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Opinion | Michigan’s bipartisan budget is a big deal for everyone

As Michigan’s state budget director, I am proud to see that the 2022-23 fiscal year state budget, passed by the Legislature and recently signed into law by Gov. Gretchen Whitmer, benefits all Michiganders. Working together, across the aisle, we delivered a budget on time that makes historic investments without raising taxes.

Chris Harkins
Chris Harkins is Michigan’s state budget director. (Courtesy photo)

This budget prioritizes funding for our students, schools, public health, natural resources and the communities we know and love, while also paying down debt, shoring up pensions and setting money aside for a rainy day.

I am excited that the record investments in our students, recommended by the governor in February, were the foundation for the highest ever state per-pupil funding of $9,150. Additionally, the budget includes supports for those students who may need additional resources to achieve their fullest potential, including: $223 million to fully fund supports for economically disadvantaged students, and $246 million to increase supports for special education students. The budget also invests $250 million for student mental health and $210 million for school safety.

As a child, I was fortunate to have public school teachers who impacted my life; they were supportive, challenged me, and provided tools I use to this day. I am similarly proud to now be the parent of a child in public school, and I am particularly pleased with the investment to support Michigan’s teacher talent pipeline. Our teachers and education staff are the backbone of our children’s future. Investing in teachers is paramount to the success of our kids and to the future of our state. The $10,000 teacher scholarships funded in the upcoming budget will help ensure that we help attract our best and brightest to this important profession.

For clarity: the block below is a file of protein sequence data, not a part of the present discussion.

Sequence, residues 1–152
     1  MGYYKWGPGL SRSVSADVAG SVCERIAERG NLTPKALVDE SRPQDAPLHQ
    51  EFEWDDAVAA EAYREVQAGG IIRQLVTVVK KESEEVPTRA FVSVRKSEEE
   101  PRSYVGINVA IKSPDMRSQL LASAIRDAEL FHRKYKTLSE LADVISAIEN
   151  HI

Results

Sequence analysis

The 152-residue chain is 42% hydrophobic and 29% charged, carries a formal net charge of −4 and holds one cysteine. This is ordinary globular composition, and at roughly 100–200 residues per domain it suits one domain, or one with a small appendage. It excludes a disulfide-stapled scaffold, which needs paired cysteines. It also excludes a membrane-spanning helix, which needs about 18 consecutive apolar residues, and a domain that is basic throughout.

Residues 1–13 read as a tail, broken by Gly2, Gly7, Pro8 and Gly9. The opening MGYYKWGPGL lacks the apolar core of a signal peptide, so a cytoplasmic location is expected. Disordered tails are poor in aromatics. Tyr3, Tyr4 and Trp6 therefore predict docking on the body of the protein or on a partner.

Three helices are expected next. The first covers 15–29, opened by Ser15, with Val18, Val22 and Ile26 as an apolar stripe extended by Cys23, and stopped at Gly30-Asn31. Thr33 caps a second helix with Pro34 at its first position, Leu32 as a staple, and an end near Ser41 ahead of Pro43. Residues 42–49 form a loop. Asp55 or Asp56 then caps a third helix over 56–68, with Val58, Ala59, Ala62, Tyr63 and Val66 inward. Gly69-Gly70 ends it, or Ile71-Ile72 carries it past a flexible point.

The budget includes purposeful one-time payments using our one-time resources to ensure long-term benefits to the state including: $800 million of state resources to provide local governments with grants to reduce their pension obligations and improve their overall financial standing; over $1.4 billion to pay down teacher retirement debt; $100 million to support state police pensions; and a deposit into the state’s Rainy Day Fund — bringing that account to its largest balance ever.

Ongoing investments in education and one-time investments to reduce our state debt are tremendous highlights, other significant investments in the budget include:

  • $97.6 million to build a new veterans home in Marquette to better serve those who served our nation.
  • $110 million for workforce development programs Michigan Reconnect and Going PRO to help Michiganders gain the right skills for the right job.
  • $100 million for modernization of Michigan’s armories to reflect our modern National Guard.
  • $325 million for a new state psychiatric facility complex and $250 million to construct a new state public health and environmental laboratory to ensure that Michigan has state-of-the-art capabilities to protect our residents and communities and can serve the mental health needs of our state.
  • 5 percent ongoing and 1 percent one-time increase to our local governments to ensure they can continue to provide support to our first responders and deliver important services.

While we accomplished many great things with passage of the budget, there is still work ahead of us. Tax credits for our working families were slashed in 2011 as Michigan was recovering from the Great Recession. The governor is committed to restoring the Earned Income Tax Credit and putting money back in the pockets of 730,000 low-income working families. Gov. Whitmer has also proposed rolling back the tax on retirement income to save half a million households an average of $1,000 a year. Michigan’s retirees deserve this form of tax relief to put food on the table and fill up their gas tanks. These tax relief measures can be absorbed into the state’s budget without creating shortfalls or future budget constraints.

Budgets are a reflection of priorities. In Michigan, it is clear our priorities are to support our kids, support our workforce, and use our resources to address current needs with an eye toward the future. I am proud of the work that has been done to deliver a budget, ahead of time and without raising taxes, and I look forward to collaborating with the governor and our legislative partners to continue delivering bipartisan results that invest in Michigan.

Bridge welcomes guest columns from a diverse range of people on issues relating to Michigan and its future. The views and assertions of these writers do not necessarily reflect those of Bridge or The Center for Michigan. Bridge does not endorse any individual guest commentary submission. If you are interested in submitting a guest commentary, please contact Ron French. Click here for details and submission guidelines.

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